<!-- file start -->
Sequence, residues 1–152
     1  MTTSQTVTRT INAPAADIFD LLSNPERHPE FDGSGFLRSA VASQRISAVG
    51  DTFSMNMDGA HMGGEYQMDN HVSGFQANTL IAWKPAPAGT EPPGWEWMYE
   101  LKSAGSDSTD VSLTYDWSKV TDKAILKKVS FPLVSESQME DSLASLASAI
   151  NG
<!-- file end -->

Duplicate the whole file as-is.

Sequence, residues 1–152
     1  MTTSQTVTRT INAPAADIFD LLSNPERHPE FDGSGFLRSA VASQRISAVG
    51  DTFSMNMDGA HMGGEYQMDN HVSGFQANTL IAWKPAPAGT EPPGWEWMYE
   101  LKSAGSDSTD VSLTYDWSKV TDKAILKKVS FPLVSESQME DSLASLASAI
   151  NG